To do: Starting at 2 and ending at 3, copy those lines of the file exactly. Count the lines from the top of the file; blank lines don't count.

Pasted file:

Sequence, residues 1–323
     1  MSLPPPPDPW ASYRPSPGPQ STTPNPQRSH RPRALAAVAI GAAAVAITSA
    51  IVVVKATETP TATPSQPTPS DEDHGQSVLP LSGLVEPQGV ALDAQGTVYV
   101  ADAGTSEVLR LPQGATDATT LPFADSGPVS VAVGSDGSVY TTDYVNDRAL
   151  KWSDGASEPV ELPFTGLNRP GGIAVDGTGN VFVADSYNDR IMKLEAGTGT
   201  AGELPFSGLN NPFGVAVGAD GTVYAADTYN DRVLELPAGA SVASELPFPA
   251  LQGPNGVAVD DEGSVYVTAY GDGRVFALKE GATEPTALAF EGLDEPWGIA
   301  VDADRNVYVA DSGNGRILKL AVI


     1  MSLPPPPDPW ASYRPSPGPQ STTPNPQRSH RPRALAAVAI GAAAVAITSA
    51  IVVVKATETP TATPSQPTPS DEDHGQSVLP LSGLVEPQGV ALDAQGTVYV